And so we come to the end of our 2011 Food and Wine Tour, having said goodbye a day early to some of our guests, but adding an extra day for others as compensation. And we get ready to welcome tomorrow our guests for our 2011 Food and Wine II Tour, a second week of eating, drinking, chattering, laughing and smiling in English and Italian. We’re looking forward to it.
But there is some unfinished business to take care of on week I. There is still food to be tasted, smelled, studied, looked at and learned about. There is still wine to be sniffed, swirled, squinted at, slurped and quaffed. So yesterday we set off in search of olive oil and cheese.
* * *
Alberto Cipolloni is the multiple award winning olive oil made in a crumbling building a few kilometers past Spello, on the hills near Foligno. We “discovered” Cipolloni several years ago, or rather they discovered us, when its owner Dr. Carlo Pagliacci and his aide de camp Lucio Maltempi paid us a visit at the villa seeking to spread the gospel of their oil. At that meeting we were struck by two things – their absolute passion and belief in their product, and how right they were to be passionate about it. Our relationship with Cipolloni was born that day and scores of our Washington, D.C. customers are thankful for that.
A visit to Cipolloni has become a staple of our Food and Wine tour. Olive oil plays such a prominent role in the cooking in Umbria and the olive oils produced in the area from Spello to Trevi to Spoleto are the most highly regarded in the area. And this time of year, harvest time in Umbria, sees the production of the first oil of the year, what the Italians call olio novello, or new oil. Novello is made from the earliest picked olives, which tend to be less mature and therefore greener. The resulting oil is fruitier, greener and more intense than oil picked from olives that are harvested later in the season. Novello is a novelty and a prized one at that. Restaurants throughout the area proudly serve it and show it off on their tables from now until December. Our visit to Cipolloni promised to result in the tasting of this liquid green gold.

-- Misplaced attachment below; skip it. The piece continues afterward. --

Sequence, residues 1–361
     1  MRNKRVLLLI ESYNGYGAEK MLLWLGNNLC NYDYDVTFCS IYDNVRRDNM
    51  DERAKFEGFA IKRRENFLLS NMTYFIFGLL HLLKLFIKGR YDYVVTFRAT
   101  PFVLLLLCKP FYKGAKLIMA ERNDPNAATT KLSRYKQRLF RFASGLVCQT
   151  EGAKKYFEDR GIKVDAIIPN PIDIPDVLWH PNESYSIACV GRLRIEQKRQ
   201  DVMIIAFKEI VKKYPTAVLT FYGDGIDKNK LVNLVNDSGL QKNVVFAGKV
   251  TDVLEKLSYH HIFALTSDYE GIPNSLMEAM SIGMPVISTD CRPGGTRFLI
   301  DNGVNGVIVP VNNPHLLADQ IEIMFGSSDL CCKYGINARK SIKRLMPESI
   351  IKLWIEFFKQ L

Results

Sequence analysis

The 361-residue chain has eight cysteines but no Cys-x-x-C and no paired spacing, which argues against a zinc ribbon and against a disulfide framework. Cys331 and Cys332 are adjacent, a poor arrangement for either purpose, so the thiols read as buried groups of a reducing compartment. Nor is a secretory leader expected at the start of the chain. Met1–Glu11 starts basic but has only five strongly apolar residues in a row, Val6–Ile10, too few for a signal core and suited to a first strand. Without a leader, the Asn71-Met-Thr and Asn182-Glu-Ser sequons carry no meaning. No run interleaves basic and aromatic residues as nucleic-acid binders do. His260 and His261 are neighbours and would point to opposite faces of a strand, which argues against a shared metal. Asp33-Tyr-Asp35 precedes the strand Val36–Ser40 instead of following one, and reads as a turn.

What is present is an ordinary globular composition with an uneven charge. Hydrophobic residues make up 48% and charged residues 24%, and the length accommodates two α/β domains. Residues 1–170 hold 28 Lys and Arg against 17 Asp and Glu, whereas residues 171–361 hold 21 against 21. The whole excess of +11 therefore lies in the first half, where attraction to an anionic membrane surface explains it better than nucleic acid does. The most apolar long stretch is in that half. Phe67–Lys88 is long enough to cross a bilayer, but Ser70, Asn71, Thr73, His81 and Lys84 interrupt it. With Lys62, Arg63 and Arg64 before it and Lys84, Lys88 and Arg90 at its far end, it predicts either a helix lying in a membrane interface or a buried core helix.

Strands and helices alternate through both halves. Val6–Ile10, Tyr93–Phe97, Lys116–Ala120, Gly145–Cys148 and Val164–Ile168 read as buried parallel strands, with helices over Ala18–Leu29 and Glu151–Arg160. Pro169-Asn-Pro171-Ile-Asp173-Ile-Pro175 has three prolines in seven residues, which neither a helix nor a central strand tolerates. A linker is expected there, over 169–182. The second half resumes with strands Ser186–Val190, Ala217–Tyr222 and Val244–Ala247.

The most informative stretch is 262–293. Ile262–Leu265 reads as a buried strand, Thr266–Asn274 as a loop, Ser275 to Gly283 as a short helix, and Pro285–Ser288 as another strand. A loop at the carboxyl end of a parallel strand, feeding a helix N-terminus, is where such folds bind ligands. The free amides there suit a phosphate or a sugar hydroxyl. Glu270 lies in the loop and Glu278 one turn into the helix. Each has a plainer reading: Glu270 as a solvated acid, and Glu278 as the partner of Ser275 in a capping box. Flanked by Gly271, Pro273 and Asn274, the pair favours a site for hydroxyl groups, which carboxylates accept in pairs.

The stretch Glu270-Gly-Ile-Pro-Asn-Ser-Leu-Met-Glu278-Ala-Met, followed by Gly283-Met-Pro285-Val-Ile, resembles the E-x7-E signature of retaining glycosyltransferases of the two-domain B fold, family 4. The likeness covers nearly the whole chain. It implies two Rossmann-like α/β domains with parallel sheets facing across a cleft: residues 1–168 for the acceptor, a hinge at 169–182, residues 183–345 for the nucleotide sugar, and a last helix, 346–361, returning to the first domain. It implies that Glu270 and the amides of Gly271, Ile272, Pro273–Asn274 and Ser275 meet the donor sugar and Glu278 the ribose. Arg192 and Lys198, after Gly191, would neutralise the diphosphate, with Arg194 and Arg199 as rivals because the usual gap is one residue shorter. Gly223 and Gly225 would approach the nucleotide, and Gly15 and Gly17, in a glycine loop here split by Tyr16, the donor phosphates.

* * *
There is little magic that goes into the production of olive oil. Olives are harvested from the tree and transported to the frantoio, or olive mill. Bins of olives are dumped onto a conveyor belt that shakes and blows at the olives to remove the stems and leaves, and the hard green and black fruits are conveyed to a washer that cleans them and readies them for the crusher.
The hallmark of extravirgin olive oil is that it is virgin. Oil is extracted from it solely by mechanical means – there are no chemicals added or other adulteration to the fruit. Temperature is also kept low (hence the term cold pressed), which, while reducing the yield of oil, maintains its beneficial chemical properties and taste.
So the washed olives are fed into the crusher, a magical machine which does something inside (we know for sure what doesn’t happen inside) to begin the process of extraction of oil from the hard fruit. At this stage the genius of Italian machine making – and I mean that seriously, as the Italians are renowned for their ability to make and manufacture heavy machinery for almost any purpose – comes into play and the individual oil producer dictates precisely how the oil is produced. What we saw yesterday was a two stage process in which a quantity of oil is produced from the mechanical crushing and tearing of the olives and another quantity is extracted from the resulting sludge, referred to as paste, which is worked with giant screws and then centrifuged to separate the solids from the liquids.